For descriptive purposes, we used the mean and standard deviation for continuous variables or the median and range, where appropriate. Categorical variables were described as counts and percentages. Summary estimates and the corresponding 95% prediction intervals (PIs) and 95% confidence intervals (CIs) were obtained through meta-analyses. PIs show the extent of between-study variation and predict the possible effect in a future study that is comparable to those included in the meta-analysis. Single proportions were logit transformed to maintain symmetry in the random effects meta-analysis. Confidence intervals for individual studies were estimated with the Wilson score. Heterogeneity across the included studies was evaluated by visual inspection of forest plots, as estimates of I-squared are uninformative in meta-analyses of single proportions. Stratified random-effects meta-analyses were planned to evaluate the impact on mortality of COVID-19 severity at study entry (i.e., severe vs non-severe), older age (< 60 vs ≥ 60 years), presence of comorbidities, concomitant arterial hypertension, admission to intensive care unit (ICU), and requirement for invasive ventilation, if at least 10 studies contributed to the analyses. Stratified analyses were planned only for peer-reviewed studies. The incidence of all-cause mortality in patients developing ARDS was also evaluated in stratified analysis. Severe cases of COVID-19 develop complications like ARDS, shock, acute kidney injury, or cardiac injury more often during the first 2 weeks of hospitalization . Thus, an additional stratified analysis was planned to explore the effects of follow-up duration on the primary outcomes comparing adequate follow-up duration versus inadequate follow-up duration .
Statistical analyses were performed using R studio version 1.2.5001, “meta” and “forestplot” packages .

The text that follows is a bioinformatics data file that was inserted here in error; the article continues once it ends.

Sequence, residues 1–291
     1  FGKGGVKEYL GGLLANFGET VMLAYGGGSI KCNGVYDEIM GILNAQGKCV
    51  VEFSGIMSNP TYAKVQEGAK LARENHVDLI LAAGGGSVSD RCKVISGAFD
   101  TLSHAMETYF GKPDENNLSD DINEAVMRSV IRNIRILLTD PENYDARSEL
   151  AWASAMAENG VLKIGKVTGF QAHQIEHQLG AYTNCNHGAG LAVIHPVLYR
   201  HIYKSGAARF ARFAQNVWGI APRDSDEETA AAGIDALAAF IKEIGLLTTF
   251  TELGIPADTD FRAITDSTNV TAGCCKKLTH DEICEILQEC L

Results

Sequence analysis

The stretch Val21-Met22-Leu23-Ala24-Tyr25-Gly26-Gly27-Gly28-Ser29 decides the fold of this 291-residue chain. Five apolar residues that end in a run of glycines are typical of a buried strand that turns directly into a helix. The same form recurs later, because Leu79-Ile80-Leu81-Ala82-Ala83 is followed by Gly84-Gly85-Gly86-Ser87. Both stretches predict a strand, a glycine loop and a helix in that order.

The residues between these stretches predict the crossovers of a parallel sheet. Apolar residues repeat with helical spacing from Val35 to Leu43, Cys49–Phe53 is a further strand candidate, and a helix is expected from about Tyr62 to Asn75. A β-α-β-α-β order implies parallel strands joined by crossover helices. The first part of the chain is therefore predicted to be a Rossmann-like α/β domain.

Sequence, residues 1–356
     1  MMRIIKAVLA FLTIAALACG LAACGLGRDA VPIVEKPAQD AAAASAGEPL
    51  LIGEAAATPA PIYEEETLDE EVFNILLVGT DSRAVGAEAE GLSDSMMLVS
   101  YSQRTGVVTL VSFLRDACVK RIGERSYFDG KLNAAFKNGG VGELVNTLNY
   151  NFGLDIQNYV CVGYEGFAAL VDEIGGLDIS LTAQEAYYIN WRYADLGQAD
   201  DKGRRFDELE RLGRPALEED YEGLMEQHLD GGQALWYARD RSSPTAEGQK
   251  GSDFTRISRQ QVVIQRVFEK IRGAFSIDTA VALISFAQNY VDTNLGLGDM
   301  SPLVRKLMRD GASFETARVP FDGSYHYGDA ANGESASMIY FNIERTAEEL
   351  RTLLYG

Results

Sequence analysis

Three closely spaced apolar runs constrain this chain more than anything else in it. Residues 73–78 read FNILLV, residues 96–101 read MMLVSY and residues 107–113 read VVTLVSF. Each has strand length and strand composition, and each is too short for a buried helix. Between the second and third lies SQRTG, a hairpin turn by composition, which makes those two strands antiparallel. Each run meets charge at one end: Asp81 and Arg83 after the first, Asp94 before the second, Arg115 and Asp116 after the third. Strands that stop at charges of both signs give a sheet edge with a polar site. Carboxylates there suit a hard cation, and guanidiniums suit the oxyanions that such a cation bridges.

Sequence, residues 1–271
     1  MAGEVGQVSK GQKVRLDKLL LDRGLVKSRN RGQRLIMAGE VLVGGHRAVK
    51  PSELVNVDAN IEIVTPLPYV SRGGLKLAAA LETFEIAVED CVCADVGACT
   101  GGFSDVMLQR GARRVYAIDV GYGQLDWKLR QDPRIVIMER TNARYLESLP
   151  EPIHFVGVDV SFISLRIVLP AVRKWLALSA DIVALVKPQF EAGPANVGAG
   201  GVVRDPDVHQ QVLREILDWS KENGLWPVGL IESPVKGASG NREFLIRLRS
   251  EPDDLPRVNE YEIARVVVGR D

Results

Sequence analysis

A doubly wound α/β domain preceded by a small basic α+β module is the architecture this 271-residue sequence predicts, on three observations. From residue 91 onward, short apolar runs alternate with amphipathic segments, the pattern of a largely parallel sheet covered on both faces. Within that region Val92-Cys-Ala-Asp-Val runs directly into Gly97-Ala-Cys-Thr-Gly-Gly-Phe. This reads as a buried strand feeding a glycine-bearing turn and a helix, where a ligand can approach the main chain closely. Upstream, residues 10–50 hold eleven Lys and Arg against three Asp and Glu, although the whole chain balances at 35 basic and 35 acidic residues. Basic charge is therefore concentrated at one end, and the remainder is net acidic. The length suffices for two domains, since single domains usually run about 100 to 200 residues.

A total of 4540 records were identified from the search of MEDLINE, EMBASE, and PubMed databases, and 1559 additional records were found in the medRxiv archive (Additional file 1: Fig. S1). After removing 1642 duplicates, 4354 records were excluded based on title and abstract screening. Of the remaining 103 records, 24 were excluded by full-text evaluation. Finally, a total of 44 peer-reviewed studies (one RCT and 43 observational studies) including 14,866 patients with laboratory-confirmed COVID-19 were considered in the primary analysis [1, 23,24,25,26,27,28,29,30,31,32,33,34,35,36,37,38,39,40,41,42,43,44,45,46,47,48,49,50,51,52,53,54,55,56,57,58,59,60,61,62,63,64,65], and 35 not peer-reviewed studies (one RCT and 34 observational studies) including 11,283 patients were evaluated in the secondary analysis (Additional file 1). The inter-reviewer agreement was excellent with a kappa statistic of 0.92.
Characteristics of included studies
The main characteristics of peer-reviewed studies are reported in Additional file 1: Table S3. Forty-one studies were conducted in China or other Asian countries, 2 in Western Europe, and 1 involved centers from the USA, Canada, Europe, and Japan. Twenty-eight studies (63.6%) were single centre and 16 (36.4%) multicentre. The size of the study population ranged from 52 to 1591 patients. Forty-three studies (97.7%) enrolled only hospitalized patients, while one study considered both outpatients and inpatients. Median hospital stay was 15 days (range 8 to 29; 12 studies). All studies reported at least one of the review primary outcomes, and 15 (34.1%) provided data on one or more secondary outcomes.
The risk of bias of the peer-reviewed RCT was high for blinding of participants and personnel, unclear for blinding of outcome assessors, and low for all other domains. The methodological quality of the 43 observational studies, one ambispective and 42 retrospective cohorts, is summarized in Additional file 1: Fig. S2 and Table S4. Sixteen studies (37%) reported consecutive inclusion of patients. Follow-up duration was adequate in seven studies and reported to be at least 2 weeks in thirteen studies. The main characteristics of not peer-reviewed studies are shown in Additional file 1: Tables S5 and S6.
The main patient characteristics reported in peer-reviewed studies are given in Additional file 1: Table S7. The mean age ranged between 38 and 69 years, and 8370 (56.4%) patients were males. The most common symptoms on admission were fever (7853/9822 patients [79.9%]; 32 studies), cough (5965/9487 patients [62.9%]; 30 studies), and dyspnea (2067/8810 patients [23.5%]; 25 studies). The most common comorbidities were hypertension (2409/10310 patients [23.3%]; 29 studies), diabetes (1116/10435 patients [10.7%]; 31 studies), cardiovascular disease (1018/10782 patients [9.4%]; 32 studies), and cancer (397/11019 patients [3.6%]; 29 studies). Pre-existent respiratory system disease was reported in 2.8% of patients (312/11033 patients; 30 studies). Co-infection was diagnosed in 14.0% of patients (255/1815 patients; 10 studies).